Thankfully, I am making astounding progress and wouldn’t want to stop even if I could.
About Ana Harris
Ana Harris was 19 and in training to be a professional ballet dancer when she became sick with Lyme disease symptoms that eventually required full-time care from family members.
Five years later, she and her husband, Brett, embarked on an experiment camping in remote areas in California, Utah and New Mexico (so far) to see if mold avoidance might be of help to her.
Ana has written about her experiences and improvements on a daily basis on her blog, Ana Harris Writes, since the beginning of their experiment.
She also sends out a weekly email digest with updates about their adventures.
About Paradigm Change
Information relevant to those pursuing mold avoidance is discussed in the book A Beginner’s Guide to Mold Avoidance, written by Lisa Petrison and Erik Johnson. It is available for free in PDF format for those who sign up for occasional emails on mold avoidance topics from me. It is also available as an Amazon Kindle book.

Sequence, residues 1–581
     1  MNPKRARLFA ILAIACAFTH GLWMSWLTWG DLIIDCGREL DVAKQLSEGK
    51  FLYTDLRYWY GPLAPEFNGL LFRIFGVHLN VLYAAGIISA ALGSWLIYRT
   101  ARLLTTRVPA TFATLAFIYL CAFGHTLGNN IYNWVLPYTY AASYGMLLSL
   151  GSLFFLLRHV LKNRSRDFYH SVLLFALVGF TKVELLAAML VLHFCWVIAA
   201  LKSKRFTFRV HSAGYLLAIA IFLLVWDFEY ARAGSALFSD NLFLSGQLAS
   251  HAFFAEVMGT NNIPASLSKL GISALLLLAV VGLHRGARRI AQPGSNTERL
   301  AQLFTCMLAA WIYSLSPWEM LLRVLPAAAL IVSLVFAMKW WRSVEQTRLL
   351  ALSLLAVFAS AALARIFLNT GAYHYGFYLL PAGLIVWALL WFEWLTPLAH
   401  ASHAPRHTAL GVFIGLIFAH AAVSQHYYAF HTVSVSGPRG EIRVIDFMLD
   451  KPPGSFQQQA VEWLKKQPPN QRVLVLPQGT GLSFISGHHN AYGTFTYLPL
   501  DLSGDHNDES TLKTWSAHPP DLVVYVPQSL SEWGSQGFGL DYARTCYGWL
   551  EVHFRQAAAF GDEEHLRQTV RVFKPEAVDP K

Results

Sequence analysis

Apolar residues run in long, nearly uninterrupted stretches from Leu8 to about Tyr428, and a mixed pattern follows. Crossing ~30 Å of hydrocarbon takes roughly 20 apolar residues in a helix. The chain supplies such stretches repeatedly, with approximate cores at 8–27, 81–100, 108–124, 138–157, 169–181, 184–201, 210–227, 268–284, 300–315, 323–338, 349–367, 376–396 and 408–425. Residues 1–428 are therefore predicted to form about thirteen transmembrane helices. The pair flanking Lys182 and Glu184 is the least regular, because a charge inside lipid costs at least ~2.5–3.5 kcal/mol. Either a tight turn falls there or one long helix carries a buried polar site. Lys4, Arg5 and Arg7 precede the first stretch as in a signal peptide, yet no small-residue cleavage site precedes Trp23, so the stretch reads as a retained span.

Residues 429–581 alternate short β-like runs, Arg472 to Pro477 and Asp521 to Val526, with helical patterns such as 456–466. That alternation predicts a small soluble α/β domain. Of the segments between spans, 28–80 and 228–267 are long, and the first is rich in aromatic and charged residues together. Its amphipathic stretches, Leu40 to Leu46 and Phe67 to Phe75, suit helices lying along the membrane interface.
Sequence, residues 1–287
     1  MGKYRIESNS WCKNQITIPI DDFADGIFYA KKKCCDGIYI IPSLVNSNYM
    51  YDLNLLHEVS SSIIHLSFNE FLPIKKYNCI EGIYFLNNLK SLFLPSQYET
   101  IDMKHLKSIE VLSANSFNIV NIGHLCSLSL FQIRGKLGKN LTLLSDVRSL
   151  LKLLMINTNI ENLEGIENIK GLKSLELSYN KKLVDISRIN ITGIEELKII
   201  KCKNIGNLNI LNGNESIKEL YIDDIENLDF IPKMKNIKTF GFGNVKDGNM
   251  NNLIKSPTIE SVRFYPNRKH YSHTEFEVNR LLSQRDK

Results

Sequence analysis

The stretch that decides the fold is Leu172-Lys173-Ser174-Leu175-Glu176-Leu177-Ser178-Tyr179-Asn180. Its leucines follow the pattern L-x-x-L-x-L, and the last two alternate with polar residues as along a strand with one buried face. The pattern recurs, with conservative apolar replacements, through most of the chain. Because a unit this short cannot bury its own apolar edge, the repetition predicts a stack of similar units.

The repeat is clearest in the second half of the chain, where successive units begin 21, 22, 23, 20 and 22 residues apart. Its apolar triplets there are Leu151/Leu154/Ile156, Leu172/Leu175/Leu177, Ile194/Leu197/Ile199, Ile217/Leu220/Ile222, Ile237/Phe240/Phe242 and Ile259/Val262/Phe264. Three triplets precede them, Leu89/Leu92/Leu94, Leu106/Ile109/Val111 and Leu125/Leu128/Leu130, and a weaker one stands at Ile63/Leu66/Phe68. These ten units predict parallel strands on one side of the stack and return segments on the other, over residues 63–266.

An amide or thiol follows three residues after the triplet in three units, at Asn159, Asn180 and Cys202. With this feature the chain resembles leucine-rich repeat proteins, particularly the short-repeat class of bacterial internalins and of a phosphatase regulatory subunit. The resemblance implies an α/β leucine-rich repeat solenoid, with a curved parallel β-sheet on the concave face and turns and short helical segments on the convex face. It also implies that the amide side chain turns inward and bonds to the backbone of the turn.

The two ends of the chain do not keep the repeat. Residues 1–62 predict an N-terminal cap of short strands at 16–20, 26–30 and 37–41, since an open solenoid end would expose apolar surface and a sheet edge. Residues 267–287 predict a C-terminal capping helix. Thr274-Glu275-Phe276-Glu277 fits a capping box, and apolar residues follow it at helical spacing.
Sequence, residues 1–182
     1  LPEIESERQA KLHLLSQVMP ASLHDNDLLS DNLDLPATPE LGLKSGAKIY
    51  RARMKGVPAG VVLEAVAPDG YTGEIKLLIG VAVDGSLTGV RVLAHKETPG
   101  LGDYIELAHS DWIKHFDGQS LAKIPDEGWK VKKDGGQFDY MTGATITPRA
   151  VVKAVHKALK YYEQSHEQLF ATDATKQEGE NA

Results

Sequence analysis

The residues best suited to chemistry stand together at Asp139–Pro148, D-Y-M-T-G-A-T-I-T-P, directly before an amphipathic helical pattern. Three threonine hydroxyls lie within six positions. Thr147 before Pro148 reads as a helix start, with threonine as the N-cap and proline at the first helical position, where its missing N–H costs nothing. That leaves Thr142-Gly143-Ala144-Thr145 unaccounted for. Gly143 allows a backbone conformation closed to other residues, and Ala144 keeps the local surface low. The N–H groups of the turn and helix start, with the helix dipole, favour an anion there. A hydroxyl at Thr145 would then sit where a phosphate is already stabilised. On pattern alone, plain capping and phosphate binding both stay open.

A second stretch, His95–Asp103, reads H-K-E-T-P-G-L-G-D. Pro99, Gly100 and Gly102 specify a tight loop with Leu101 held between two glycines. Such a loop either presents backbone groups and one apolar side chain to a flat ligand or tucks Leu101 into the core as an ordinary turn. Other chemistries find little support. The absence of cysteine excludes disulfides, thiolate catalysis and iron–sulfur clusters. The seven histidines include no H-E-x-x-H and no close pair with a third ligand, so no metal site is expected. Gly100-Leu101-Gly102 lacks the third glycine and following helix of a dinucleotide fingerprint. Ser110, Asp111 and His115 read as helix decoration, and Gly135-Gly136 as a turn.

The book is the basis for the Facebook group Mold Avoiders, which now has more than 7000 members.
For updates on additional information about recovering from mold-related illness, sign up for occasional newsletters from Paradigm Change. You also will receive a free copy of the book Back from the Edge, which provides information about the extraordinary life of mold avoidance pioneer Erik Johnson.
The Paradigm Change Publishing page of the website provides information about a number of additional books of interest to those pursuing mold avoidance.
Find out about new information about recovering from chronic illness and living a healthful lifestyle by liking the Living Clean in a Dirty World page on Facebook.
Links on this page are in orange (no underlining).
Thanks very much for reading this blog.